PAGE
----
Modeling the productivity of energy crops in different agro-ecological environments

Q. Jing, J.G. Conijn, R.E.E. Jongschaap, P.S. Bindraban

Research output: Contribution to journalArticleAcademicpeer-review

19 Citations (Scopus)

Abstract

A relatively stable biomass productivity of perennial crop after plantation establishment makes it possible to calculate their total biomass yield through predicting the annual biomass yield. The generic model LINPAC (LINTUL model for Perennial and Annual Crops) is presented to predict annual biomass yield of energy crops on large spatial scales by adding new modules to LINTUL: (1) Leaf Area Index (LAI) is simulated independent of specific leaf area; (2) a species specific daily Light Use Efficiency (LUE, g MJ-1) is modified by temperature and light intensity; (3) crop base temperature is generated by local weather conditions within crop physiological ranges. LINPAC is driven either by site-specific input data or by globally gridded weather and soil data. LINPAC was calibrated on the basis of a model sensitivity analysis of the input parameters and validated against different agro-ecological experimental data sets for two grass species Miscanthus (Miscanthus spp.) and Reed canary grass (Phalaris arundinacea L.), and for two woody species Willow (Salix spp.) and Eucalyptus (Eucalyptus spp.). LINPAC reproduced the biomass yields with a normalized root mean square error (RMSE) of 17%, comparable to the coefficient of variation (CV = 12%) of the experimental data. In the model photosynthetic pathways were differentiated by assigning higher LUE values for the C4 crop (Miscanthus) compared with the C3 crops (others), leading to higher simulated biomass yield of Miscanthus (18.8 ± 1.5 t ha-1) over Reed canary grass (10.5 ± 1.6 t ha-1) in comparable environments. LINPAC is applicable for local, regional and global estimations of biomass yield of energy crops.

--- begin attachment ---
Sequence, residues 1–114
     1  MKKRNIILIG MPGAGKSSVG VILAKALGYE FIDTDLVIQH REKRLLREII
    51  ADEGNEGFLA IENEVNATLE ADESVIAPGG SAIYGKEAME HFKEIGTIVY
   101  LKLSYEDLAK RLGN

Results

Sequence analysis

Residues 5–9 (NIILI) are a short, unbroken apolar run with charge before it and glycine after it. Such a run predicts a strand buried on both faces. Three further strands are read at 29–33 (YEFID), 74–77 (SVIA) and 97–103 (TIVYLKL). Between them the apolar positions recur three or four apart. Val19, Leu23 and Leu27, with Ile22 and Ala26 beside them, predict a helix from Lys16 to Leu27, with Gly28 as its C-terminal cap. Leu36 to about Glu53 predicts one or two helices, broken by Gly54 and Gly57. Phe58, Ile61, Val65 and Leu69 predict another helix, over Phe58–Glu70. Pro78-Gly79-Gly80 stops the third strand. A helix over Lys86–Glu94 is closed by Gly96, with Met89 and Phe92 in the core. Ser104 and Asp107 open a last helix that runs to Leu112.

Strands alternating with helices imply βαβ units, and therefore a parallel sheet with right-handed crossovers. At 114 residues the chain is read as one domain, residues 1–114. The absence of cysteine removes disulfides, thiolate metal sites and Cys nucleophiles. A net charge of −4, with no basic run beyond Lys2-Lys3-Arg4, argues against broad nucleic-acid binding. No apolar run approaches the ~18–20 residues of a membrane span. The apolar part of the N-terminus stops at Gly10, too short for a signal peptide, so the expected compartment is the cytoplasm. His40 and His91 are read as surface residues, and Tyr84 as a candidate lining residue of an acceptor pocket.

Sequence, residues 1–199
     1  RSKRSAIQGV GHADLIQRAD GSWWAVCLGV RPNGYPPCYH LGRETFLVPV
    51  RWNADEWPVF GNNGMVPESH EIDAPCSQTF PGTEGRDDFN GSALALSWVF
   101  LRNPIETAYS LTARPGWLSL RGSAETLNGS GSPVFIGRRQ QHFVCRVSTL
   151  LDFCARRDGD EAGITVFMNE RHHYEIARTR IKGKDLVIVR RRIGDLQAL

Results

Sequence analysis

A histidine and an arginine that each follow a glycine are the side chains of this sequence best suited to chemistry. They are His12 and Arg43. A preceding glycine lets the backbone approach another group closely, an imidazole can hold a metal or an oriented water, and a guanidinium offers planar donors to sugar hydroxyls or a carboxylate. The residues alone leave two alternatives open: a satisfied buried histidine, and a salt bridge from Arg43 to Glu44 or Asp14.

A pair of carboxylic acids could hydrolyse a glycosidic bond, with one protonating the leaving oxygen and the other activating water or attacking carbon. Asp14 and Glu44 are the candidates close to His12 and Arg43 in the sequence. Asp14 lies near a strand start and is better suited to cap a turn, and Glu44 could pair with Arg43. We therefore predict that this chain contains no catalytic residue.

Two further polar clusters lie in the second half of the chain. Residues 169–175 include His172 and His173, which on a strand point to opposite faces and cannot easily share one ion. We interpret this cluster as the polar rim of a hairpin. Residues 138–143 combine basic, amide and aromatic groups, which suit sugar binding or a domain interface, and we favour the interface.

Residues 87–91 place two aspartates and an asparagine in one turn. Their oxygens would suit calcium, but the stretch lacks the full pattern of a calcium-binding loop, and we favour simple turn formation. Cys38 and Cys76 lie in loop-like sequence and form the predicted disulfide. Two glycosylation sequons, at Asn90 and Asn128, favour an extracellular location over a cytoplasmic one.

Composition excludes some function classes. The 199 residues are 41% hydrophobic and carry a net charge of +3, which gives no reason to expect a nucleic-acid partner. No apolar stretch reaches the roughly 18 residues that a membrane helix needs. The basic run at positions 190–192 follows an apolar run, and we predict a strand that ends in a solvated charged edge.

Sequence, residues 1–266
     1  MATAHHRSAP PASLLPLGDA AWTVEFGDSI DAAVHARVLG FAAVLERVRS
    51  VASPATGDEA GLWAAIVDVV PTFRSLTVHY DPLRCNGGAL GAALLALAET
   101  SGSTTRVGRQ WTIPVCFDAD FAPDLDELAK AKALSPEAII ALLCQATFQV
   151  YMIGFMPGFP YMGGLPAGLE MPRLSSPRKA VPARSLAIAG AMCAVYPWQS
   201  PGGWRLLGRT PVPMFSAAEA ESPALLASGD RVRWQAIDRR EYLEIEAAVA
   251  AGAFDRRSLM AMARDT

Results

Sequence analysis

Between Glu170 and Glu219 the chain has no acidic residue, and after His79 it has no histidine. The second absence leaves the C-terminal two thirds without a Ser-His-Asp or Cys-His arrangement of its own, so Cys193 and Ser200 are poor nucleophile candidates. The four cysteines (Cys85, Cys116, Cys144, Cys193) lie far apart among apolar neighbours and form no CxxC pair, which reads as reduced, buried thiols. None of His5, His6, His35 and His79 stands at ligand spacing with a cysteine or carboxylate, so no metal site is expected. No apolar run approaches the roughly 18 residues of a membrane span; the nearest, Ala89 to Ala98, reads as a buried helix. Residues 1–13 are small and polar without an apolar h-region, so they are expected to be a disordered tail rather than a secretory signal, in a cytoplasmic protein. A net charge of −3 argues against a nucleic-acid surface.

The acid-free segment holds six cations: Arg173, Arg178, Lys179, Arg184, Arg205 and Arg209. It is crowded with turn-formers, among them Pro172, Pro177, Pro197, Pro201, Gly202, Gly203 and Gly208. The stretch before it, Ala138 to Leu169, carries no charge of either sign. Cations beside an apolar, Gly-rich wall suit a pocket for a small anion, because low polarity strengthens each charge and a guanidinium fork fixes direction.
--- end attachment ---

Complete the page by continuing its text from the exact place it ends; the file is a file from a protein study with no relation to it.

Original languageEnglish
Pages (from-to)618-633
JournalBiomass and Bioenergy
Volume46
DOIs
Publication statusPublished - 2012

Keywords

  • miscanthus-x-giganteus
  • light-use efficiency
  • short-rotation coppice
  • reed canary grass
  • woody biomass production
  • phalaris-arundinacea l.
  • morphologically diverse varieties
  • radiation use efficiency
  • net primary production
  • dry-matter production

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